Oxidative stress was evaluated for anthracene (Ant) and alkyl-Ants (9-methylanthracene [9-MA] and 9,10-dimethylanthracene [9,10DMA]) in Caenorhabditis elegans to compare changes in toxicity due to the degree of alkylation. Worms were exposed at 1) the same external exposure concentration and 2) the maximum water-soluble concentration. Formation of reactive oxygen species, superoxide dismutase activity, total glutathione concentration, and lipid peroxidation were determined under constant exposure conditions using passive dosing. The expression of oxidative stress-related genes (daf-2, sir-2.1, daf-16, sod-1, sod-2, sod-3 and cytochrome 35A/C family genes) was also investigated to identify and compare changes in the genetic responses of C. elegans exposed to Ant and alkyl-Ant. At the same external concentration, 9,10-DMA induced the greatest oxidative stress, as evidenced by all indicators, except for lipid peroxidation, followed by 9-MA and Ant. Interestingly, 9,10-DMA led to greater oxidative stress than 9-MA and Ant when worms were exposed to the maximum water-soluble concentration, although the maximum water-soluble concentration of 9,10DMA is the lowest. Increased oxidative stress by alkyl-Ants would be attributed to higher lipid-water partition coefficient and the π electron density in aromatic rings by alkyl substitution, although this supposition requires further confirmation.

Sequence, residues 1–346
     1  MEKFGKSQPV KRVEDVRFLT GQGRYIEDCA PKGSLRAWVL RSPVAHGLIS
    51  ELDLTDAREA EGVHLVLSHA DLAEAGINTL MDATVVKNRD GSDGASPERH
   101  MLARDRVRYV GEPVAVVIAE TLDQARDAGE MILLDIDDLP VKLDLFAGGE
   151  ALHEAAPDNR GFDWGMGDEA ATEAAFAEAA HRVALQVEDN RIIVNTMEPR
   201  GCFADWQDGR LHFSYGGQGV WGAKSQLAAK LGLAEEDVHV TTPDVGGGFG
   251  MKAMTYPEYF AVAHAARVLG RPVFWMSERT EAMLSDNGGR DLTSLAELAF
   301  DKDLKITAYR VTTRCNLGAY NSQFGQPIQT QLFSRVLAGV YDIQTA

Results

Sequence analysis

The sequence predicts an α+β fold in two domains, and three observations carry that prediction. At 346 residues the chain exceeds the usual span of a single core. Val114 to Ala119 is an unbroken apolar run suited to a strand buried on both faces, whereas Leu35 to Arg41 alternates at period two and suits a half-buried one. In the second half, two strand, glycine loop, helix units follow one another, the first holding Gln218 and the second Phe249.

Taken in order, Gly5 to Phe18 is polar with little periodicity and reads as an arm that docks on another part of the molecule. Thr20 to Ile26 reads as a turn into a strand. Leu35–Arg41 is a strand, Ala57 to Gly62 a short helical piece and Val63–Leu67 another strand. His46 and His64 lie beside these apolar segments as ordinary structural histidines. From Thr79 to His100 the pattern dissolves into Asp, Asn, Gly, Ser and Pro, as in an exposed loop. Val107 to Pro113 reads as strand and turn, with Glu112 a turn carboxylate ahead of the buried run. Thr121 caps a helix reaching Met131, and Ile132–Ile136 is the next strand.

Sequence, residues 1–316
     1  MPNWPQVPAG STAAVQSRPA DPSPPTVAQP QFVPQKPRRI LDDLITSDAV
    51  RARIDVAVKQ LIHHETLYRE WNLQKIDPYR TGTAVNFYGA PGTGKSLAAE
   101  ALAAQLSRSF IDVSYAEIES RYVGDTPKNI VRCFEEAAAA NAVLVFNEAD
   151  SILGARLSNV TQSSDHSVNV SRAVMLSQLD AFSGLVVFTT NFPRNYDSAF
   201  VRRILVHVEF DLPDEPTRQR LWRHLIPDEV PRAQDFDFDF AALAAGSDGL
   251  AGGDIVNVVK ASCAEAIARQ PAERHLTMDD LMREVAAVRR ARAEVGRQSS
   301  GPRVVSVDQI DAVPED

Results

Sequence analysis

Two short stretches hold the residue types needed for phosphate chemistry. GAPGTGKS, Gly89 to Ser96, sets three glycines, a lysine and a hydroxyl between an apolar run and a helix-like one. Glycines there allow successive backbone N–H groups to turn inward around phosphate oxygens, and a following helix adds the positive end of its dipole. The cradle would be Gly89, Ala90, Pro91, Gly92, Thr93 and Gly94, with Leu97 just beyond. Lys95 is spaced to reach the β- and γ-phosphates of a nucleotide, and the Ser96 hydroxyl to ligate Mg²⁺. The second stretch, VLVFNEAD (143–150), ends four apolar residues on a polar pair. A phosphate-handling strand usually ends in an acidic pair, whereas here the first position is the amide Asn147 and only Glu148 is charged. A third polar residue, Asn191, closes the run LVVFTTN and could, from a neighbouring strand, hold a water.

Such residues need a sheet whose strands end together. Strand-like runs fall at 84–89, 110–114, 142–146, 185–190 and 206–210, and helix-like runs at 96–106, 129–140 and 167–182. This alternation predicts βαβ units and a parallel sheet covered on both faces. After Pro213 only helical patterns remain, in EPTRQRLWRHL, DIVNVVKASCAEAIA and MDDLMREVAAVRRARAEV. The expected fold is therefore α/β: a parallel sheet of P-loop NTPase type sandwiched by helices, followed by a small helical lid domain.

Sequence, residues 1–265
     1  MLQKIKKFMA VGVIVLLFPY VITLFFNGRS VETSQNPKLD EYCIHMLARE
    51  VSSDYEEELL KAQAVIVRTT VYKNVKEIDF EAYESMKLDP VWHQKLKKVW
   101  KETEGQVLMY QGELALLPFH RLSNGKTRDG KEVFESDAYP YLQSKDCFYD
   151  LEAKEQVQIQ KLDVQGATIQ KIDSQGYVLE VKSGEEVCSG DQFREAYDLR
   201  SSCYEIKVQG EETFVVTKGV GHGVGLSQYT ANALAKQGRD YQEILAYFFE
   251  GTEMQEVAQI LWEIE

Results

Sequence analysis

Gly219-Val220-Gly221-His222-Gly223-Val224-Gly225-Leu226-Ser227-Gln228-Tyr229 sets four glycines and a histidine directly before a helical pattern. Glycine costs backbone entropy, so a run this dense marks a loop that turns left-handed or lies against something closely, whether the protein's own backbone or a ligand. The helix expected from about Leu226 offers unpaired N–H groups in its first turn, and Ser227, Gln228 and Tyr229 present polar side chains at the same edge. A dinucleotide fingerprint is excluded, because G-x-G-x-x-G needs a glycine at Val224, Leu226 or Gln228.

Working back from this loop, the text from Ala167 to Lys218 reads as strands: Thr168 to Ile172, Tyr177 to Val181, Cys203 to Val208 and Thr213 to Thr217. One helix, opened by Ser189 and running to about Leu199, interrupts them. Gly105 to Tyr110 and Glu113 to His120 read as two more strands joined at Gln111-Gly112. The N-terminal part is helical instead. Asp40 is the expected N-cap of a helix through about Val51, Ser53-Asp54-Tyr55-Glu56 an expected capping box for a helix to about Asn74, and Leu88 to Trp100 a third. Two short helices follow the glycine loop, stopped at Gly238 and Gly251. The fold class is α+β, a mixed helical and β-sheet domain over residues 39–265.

Bibliographical notePublisher Copyright:
© 2018 The Korean Society of Environmental Health and Toxicology.
- Caenorhabditis elegans
- Gene expression
- Oxidative stress
- Passive dosing
- Polycyclic aromatic hydrocarbons
ASJC Scopus subject areas
- Public Health, Environmental and Occupational Health
- Health, Toxicology and Mutagenesis